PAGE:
Atlantic coastal waters are the hottest since measurements began
Would you like some broiled flounder with your serving of climate apocalypse?
Well, you’re going to have to broil it yourself, because record-breaking temperatures in the Atlantic Ocean are driving the fish away from fast-heating waters toward more hospitable depths and latitudes.
The Atlantic Ocean’s surface temperatures from Maine to North Carolina broke records last year, reaching an average of 57.2°F, nearly three degrees warmer than the average of the past 30 years.
That’s according to new data published by National Oceanic and Atmospheric Administration, which says the jump in average temperature from 2011 to 2012 was the largest recorded one-year spike in the marine region, which is known as the Northeast Shelf Ecosystem. Last year’s average temperature was also the highest recorded there since measurements began 150 years ago.
Here’s a graph that shows the spike:
And here’s another, showing last year’s water temperatures in red. The gray line represents average temperatures and the gray shading shows standard deviations from that average:
That’s not too shabby if you fancy a balmy dip in the brine. But the implications for the ecosystem’s wildlife and fisheries could be profound.
The production of plankton, which forms the basis of oceanic food webs, appears to have been affected. NOAA scientists discovered that fall plankton blooms were smaller than normal in the area last year, which would be making it harder for fish and other species to find food right now. And they found that the shelf’s fish and shellfish were fleeing from their normal habitats, chased north or into deeper waters by the extraordinary heat.
These abnormally high temperatures are fundamentally altering marine ecosystems, from the abundance of plankton to the movement of fish and whales. Many marine species have specific time periods for spawning, migration, and birthing based on temperature signals and availability of prey. Kevin Friedland, a scientist in NOAA’s Northeast Fisheries Science Center’s Ecosystem Assessment Program, said “Changes in ocean temperatures and the timing and strength of spring and fall plankton blooms could affect the biological clocks of many marine species, which spawn at specific times of the year based on environmental cues like water temperature.”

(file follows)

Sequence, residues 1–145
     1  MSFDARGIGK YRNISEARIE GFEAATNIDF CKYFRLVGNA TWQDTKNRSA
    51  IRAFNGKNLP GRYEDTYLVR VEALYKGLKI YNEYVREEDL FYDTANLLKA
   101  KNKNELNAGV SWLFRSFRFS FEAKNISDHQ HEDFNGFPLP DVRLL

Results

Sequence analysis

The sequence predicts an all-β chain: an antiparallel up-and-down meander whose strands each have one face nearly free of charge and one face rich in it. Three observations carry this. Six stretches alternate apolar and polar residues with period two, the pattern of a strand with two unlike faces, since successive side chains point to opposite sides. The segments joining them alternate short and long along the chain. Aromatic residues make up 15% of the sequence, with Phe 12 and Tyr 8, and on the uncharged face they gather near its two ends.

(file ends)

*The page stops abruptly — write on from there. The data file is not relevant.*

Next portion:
Black sea bass, summer flounder, longfin squid, and butterfish were among the commonly fished species that moved northeast as the temperatures rose, NOAA says.
The record-breaking heat off the Atlantic coastline is typical of a worrisome worldwide trend. The world’s oceans are absorbing a lot of the globe’s excess heat. That’s helping keep down land temperatures in a warming world, but it threatens to throw marine ecosystems into turmoil. And scientists warn that the oceans won’t absorb so much of the extra heat forever. Eventually we’re going to broil not only the seas, but also the land.
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